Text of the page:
Hunsdon remained firm in his refusal to take the oath of supremacy, which barred him from the House, and at a call of the House on 9 May 1679 he was marked as a recusant. Yet according to the presence list he was somehow allowed entry to the House on 17 Oct. 1679, a day of prorogation when no business was done. In February 1680 he even risked indictment through his continuing resistance to the oath of supremacy, and on 30 Oct. 1680, when Parliament had finally convened again for business he was again marked as absent at a call of the House because of his recusancy.11 Hunsdon submitted a petition on 3 Nov. 1680 complaining of a breach of privilege of Parliament by the arrest of one of his menial servants. The House does not seem to have questioned his entitlement to privilege of Parliament for it ordered the offenders to attend and answer the complaint. No further proceedings have been traced. To add to his political ostracism Hunsdon had financial concerns, not aided by the paltry and heavily embarrassed estate he had inherited from Dover. In May 1680 he attempted to improve his condition by suing the lord chancellor, Heneage Finch, Baron Finch (later earl of Nottingham) and his sons for a Warwickshire estate which he claimed had been entailed by Elizabeth I to the first Baron and his heirs.12 This argument did not work, and throughout the 1680s he continued to be reliant on a government pension of £500 p.a. granted to him at his succession ‘for his support and in consideration of the loyalty of his family’.13

His military background and Catholicism led him to become a member of the circle of James Stuart, duke of York. In November 1680 in the midst of the Exclusion crisis it was reported that ‘Lord Hunsdon is like to be in some trouble for drinking (at the Devil Tavern) confusion to all that were for passing the Bill against the Duke of York’.14 In May 1682 he told Christopher Monck, 2nd duke of Albemarle, that he had personally attended the duke and duchess of York from Gravesend to Whitehall on their return from Scotland.15 He appears to have been closely connected with Albemarle and various petitioners asked Hunsdon to act as their intermediary and agent in dealing with the duke.16 By summer 1684 Hunsdon felt confident enough of the favour he was shown in court circles to request that, in lieu of the arrears of £3,000 that he claimed were due from his pension, he be provided with a grant of houses built on Crown land near Yarmouth, although the corporation claimed that the lands in question fell within its charter.17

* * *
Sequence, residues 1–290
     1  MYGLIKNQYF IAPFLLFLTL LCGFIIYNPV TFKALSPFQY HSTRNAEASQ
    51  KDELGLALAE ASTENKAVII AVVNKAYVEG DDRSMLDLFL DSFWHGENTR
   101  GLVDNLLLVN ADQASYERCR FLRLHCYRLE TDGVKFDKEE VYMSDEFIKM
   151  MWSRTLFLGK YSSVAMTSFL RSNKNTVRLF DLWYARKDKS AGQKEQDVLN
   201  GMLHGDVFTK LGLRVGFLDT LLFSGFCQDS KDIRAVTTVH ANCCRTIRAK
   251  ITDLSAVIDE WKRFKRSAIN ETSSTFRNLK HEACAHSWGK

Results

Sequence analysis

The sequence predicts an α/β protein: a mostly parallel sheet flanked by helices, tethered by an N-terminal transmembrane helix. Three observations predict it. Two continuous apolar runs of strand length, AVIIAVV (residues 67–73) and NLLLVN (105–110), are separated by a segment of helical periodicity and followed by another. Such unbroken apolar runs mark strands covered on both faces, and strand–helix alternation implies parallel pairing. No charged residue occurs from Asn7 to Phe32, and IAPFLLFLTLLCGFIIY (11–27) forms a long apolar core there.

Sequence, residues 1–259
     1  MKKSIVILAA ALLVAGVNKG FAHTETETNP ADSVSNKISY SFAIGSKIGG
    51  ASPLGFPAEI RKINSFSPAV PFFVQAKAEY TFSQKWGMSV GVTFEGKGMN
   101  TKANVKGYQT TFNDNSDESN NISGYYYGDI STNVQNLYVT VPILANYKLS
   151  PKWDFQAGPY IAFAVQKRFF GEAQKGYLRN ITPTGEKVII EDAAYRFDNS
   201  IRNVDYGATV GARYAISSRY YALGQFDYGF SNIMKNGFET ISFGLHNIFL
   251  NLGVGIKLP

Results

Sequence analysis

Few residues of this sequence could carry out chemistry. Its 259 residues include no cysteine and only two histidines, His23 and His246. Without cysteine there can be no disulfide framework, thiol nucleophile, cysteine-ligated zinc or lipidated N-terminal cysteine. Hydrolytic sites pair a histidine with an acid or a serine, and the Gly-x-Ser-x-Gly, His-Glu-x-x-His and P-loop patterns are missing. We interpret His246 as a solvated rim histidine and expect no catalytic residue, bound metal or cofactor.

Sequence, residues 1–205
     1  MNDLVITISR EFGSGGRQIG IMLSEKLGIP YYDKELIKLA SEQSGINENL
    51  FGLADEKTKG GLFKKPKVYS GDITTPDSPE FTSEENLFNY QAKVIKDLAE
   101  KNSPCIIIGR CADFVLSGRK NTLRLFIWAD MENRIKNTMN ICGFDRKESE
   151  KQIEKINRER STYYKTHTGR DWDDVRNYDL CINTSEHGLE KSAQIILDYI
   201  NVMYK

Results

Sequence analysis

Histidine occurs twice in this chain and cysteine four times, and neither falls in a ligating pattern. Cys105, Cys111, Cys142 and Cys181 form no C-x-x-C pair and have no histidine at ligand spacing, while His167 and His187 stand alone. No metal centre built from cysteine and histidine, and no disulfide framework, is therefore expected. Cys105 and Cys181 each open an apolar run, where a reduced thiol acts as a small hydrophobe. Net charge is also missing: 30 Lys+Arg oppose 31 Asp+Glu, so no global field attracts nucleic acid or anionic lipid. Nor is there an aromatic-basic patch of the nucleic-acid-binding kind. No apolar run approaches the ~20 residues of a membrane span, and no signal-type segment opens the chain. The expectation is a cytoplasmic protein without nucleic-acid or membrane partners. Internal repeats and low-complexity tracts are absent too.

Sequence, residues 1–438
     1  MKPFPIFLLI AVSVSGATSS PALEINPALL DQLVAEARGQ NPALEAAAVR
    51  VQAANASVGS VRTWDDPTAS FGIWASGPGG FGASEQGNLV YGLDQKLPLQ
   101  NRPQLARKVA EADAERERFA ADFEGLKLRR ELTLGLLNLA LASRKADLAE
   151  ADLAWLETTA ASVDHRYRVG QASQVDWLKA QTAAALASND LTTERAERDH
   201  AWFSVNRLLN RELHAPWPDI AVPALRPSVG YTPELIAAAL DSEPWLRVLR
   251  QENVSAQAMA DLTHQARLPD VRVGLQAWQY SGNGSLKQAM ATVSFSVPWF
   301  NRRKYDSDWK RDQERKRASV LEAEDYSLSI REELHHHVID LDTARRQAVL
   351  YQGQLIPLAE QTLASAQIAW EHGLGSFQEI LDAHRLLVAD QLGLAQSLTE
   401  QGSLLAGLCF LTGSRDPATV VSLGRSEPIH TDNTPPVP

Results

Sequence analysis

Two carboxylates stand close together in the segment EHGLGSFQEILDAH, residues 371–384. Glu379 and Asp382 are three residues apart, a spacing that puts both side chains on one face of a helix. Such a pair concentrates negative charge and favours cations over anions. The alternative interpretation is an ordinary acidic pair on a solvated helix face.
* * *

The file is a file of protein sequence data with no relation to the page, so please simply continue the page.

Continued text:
Hunsdon’s star rose further once James came to the throne. The new king commissioned him lieutenant-colonel of the Holland regiment of foot in October 1685, perhaps as an appreciative reference to Hunsdon’s forebears and their military service in the Low Countries.18 Hunsdon was included in James’s lists of those to be dispensed from the requirements of the Test Act, and the king intended to grant him the marshalcy of King’s Bench prison in May 1686, but Hunsdon had to wait until November for a chancery decree confirming him in the office.19 By September 1686 Hunsdon was clearly enjoying the new-found prominence of Catholics in the king’s government and confidently told Sir John Reresby, that ‘he had sitten formerly in Parliament as a peer, and hoped to do it again this winter’.20 He was seen as one of James’s leading followers, belligerent in his cause, and in early 1687 observers and newsletter writers thought him a likely candidate to take over regiments whose commanders were either removed or resigned because of their opposition to the king’s policies.21 None of these rumours of 1687 came to fruition, but when James II was remodelling the counties’ administration late in 1688, he made Hunsdon a deputy-lieutenant in Essex, and on 30 Nov. 1688, with the crisis of William of Orange’s invasion fully upon him, the king promoted him to replace Edward Henry Lee, earl of Lichfield, as colonel of the 12th regiment of foot..22 Hunsdon’s new command was short-lived and he quickly dropped out of sight after the Revolution.